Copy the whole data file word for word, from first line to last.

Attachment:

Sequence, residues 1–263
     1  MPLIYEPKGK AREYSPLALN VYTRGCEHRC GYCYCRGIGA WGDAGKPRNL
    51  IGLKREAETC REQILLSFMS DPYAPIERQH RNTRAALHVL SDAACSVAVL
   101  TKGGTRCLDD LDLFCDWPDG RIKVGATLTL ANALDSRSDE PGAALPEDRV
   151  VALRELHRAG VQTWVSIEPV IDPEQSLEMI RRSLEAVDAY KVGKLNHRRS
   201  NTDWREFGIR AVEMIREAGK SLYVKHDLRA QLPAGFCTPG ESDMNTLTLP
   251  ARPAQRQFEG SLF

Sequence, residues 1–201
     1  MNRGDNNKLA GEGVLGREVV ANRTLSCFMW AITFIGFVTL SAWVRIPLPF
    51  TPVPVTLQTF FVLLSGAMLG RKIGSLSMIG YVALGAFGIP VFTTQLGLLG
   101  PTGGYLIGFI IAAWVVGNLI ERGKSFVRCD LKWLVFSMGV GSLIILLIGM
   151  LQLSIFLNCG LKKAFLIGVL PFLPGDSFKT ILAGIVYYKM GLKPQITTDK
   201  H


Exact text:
Sequence, residues 1–263
     1  MPLIYEPKGK AREYSPLALN VYTRGCEHRC GYCYCRGIGA WGDAGKPRNL
    51  IGLKREAETC REQILLSFMS DPYAPIERQH RNTRAALHVL SDAACSVAVL
   101  TKGGTRCLDD LDLFCDWPDG RIKVGATLTL ANALDSRSDE PGAALPEDRV
   151  VALRELHRAG VQTWVSIEPV IDPEQSLEMI RRSLEAVDAY KVGKLNHRRS
   201  NTDWREFGIR AVEMIREAGK SLYVKHDLRA QLPAGFCTPG ESDMNTLTLP
   251  ARPAQRQFEG SLF

Sequence, residues 1–201
     1  MNRGDNNKLA GEGVLGREVV ANRTLSCFMW AITFIGFVTL SAWVRIPLPF
    51  TPVPVTLQTF FVLLSGAMLG RKIGSLSMIG YVALGAFGIP VFTTQLGLLG
   101  PTGGYLIGFI IAAWVVGNLI ERGKSFVRCD LKWLVFSMGV GSLIILLIGM
   151  LQLSIFLNCG LKKAFLIGVL PFLPGDSFKT ILAGIVYYKM GLKPQITTDK
   201  H